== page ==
Now these steps and actions are fairly basic and what seems to be in line with what any organization or group will be enacting to get back to semi-normal operations with coronavirus present.
But what are some things that are unique to college and IU that is actually insightful in this report? Let’s take a look.
The biggest thing is probably for on-campus housing specifically to the incoming freshman. When discussing campus housing, this report acknowledges that 2 people living in a room can be permitted but only if the student “chooses” his/her roommate (p. 8).
Does this mean anyone who intended to go with a random roommate will have to be in a single? Not only does that suck but where are they going to put everyone? These are questions that of course will need to be answered before returning.
I’m not sure what this then means for space and capacity. Like what about the rooms in Briscoe with the shared living space? And then how do you monitor the number of people in a room at a time? It’s not the type of thing that can just be policed by a RA.
Also it looks like students will be assigned to a specific bathroom on their floor and have to use some type of signup process to actually use the shower or bathroom. Again, I have no clue how they are going to monitor this but it seems like it could be a logistical nightmare.
Move-in will be scattered times too which makes sense.
These guidelines/recommendations also extend to the Greek Houses on campus. Personally, I think my frat house has much worse viruses going on in there than COVID-19. And who knows how anyone will monitor what actually goes on in those houses other than limiting parties. I am curious as to how much IU will try to play a role in rush and other official Greek events that will make it very difficult to practice social distancing, among other things. I hope they don’t just try to cancel it then still collect the student Greek fees.
That Actual “School” Thing
In regards to class, this report doesn’t go in depth into what these classes will actually consist of really at all (p. 10)
Besides mandatory masks in class, I think the biggest takeaway from this is them trying to implement some sort of tracking/tracing system for students. I’m trying to imagine what that would actually look like other than maybe some type of updated TopHat Attendance program that can notify you if a classmate gets sick?
It seems fairly simple to me how classes should be conducted.
Every big lecture class should be moved to online. To be honest, these classes should be online permanently anyways because of how dull they all are. From my experiences, IU lectures contain a professor standing in front of a Powerpoint that they have regurgitated about 3 other times that same day. There is no reason these can’t be immediately switched to online because many of the teachers basically read off a script from their slide deck anyhow.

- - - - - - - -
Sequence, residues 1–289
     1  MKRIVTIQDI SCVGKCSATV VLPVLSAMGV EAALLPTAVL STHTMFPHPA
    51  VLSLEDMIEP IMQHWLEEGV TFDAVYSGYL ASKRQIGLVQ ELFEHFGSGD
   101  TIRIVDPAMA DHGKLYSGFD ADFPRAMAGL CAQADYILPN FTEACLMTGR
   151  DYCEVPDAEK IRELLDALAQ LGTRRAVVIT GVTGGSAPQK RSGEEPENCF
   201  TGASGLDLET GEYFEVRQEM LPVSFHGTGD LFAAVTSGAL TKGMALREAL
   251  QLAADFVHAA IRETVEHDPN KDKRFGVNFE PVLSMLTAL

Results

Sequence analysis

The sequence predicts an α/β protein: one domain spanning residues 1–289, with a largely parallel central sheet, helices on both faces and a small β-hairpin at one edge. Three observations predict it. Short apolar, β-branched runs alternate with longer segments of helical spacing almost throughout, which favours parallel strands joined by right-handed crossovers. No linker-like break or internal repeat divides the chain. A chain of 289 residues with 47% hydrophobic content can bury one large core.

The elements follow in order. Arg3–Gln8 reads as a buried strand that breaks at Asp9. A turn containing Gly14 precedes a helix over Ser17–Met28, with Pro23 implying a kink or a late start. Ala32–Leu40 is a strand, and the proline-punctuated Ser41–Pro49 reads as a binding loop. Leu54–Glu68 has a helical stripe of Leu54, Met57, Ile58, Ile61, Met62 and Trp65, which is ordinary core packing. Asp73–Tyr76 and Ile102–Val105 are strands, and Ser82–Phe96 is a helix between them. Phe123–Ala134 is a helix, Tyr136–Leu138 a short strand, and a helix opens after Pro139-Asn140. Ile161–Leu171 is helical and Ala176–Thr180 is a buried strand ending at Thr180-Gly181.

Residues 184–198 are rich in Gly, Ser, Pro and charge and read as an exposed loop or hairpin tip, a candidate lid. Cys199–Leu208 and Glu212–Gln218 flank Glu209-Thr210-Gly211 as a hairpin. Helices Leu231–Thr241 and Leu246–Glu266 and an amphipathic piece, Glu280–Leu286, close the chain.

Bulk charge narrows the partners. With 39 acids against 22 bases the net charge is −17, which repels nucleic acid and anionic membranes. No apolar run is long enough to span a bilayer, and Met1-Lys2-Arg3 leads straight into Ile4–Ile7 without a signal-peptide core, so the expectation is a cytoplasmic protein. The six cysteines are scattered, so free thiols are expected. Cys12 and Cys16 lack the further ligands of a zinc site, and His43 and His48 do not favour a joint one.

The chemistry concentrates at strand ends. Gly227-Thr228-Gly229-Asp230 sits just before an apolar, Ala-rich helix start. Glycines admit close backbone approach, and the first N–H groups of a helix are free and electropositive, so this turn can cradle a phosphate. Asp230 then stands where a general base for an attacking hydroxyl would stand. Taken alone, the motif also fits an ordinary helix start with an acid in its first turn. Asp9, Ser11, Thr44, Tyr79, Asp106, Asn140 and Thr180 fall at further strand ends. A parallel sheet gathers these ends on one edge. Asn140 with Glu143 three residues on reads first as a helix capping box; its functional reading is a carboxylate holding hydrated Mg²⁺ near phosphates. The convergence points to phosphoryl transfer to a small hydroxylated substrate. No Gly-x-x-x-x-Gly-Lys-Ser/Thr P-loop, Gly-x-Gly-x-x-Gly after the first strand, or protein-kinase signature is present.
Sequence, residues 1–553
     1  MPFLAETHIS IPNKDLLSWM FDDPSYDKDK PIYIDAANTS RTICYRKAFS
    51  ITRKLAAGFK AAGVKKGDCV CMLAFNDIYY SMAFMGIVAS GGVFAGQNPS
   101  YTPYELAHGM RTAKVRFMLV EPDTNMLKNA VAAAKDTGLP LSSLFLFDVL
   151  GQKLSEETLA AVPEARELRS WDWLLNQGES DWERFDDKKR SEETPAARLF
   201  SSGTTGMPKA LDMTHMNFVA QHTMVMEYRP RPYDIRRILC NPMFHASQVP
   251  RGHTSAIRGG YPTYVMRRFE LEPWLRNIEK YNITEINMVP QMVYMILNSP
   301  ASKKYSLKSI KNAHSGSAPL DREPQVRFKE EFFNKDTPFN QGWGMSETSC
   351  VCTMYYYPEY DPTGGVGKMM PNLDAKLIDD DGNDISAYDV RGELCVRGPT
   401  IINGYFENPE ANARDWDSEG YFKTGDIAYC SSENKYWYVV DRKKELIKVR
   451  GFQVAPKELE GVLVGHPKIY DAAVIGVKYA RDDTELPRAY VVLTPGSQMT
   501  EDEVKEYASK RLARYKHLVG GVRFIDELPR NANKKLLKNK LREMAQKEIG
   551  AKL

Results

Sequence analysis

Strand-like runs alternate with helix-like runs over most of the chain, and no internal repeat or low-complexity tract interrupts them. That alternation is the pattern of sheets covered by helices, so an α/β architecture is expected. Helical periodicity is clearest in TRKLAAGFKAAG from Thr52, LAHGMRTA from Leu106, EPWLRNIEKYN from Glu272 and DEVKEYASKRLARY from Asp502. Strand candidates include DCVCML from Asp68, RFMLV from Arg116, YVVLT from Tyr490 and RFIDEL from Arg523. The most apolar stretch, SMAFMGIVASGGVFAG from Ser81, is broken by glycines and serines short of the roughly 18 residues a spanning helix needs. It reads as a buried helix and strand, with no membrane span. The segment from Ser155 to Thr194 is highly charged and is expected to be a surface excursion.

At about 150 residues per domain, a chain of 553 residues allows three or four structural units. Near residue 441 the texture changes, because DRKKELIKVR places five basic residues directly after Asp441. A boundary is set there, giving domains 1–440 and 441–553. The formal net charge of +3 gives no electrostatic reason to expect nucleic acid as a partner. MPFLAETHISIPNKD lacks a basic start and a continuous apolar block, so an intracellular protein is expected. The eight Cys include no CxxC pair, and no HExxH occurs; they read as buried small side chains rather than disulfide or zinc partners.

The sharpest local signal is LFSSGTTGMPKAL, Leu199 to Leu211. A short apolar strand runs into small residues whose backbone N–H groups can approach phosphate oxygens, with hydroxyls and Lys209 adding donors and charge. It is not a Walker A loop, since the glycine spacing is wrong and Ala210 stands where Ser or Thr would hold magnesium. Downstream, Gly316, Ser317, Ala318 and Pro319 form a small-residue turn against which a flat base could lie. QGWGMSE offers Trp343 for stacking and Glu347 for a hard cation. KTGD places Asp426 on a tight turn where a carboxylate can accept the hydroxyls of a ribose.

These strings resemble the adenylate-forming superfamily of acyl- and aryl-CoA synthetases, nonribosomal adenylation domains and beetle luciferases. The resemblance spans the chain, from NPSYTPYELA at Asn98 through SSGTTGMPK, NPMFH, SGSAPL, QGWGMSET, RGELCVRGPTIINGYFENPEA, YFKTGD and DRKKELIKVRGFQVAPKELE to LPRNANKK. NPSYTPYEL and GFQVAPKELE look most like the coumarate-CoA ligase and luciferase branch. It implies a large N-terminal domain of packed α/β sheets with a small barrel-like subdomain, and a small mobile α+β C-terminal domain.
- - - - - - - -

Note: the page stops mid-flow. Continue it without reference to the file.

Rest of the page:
Then, there can be smaller discussion-type classes that are branched off of these main Zoom lectures. These break the class into groups of ~15-30 students that can easily have face-to-face tutorials in a socially distant way. These classes can even be hosted in a big lecture hall to ensure that. I think this is a reasonable solution that can still give some sense of actual learning and educated conversation because online courses are not the best mode of teaching.
I hope that is the ultimate decision that is made.
Of course assessing and testing the students leads to the biggest issues rather than just the lectures but maybe this will allow the administration to find new ways to test their students other than just a scantron that requires mostly memorization and little real world applications.
Finally, it is ultimately up to everyone to play their part in trying to be as conscious as possible in the mobilization to these classes and events on campus so they keep themselves and others out of as much trouble as they can.
Along with the class structure and how we are taught, it’s also important to keep in mind the academic calendar that IU follows. Under the ‘Travel’ subsection of the report the committee notes that they should “structure the academic calendar, where possible, to minimize travel associated with breaks” (p. 11). This immediately made me think of the time between Thanksgiving and First-semester break.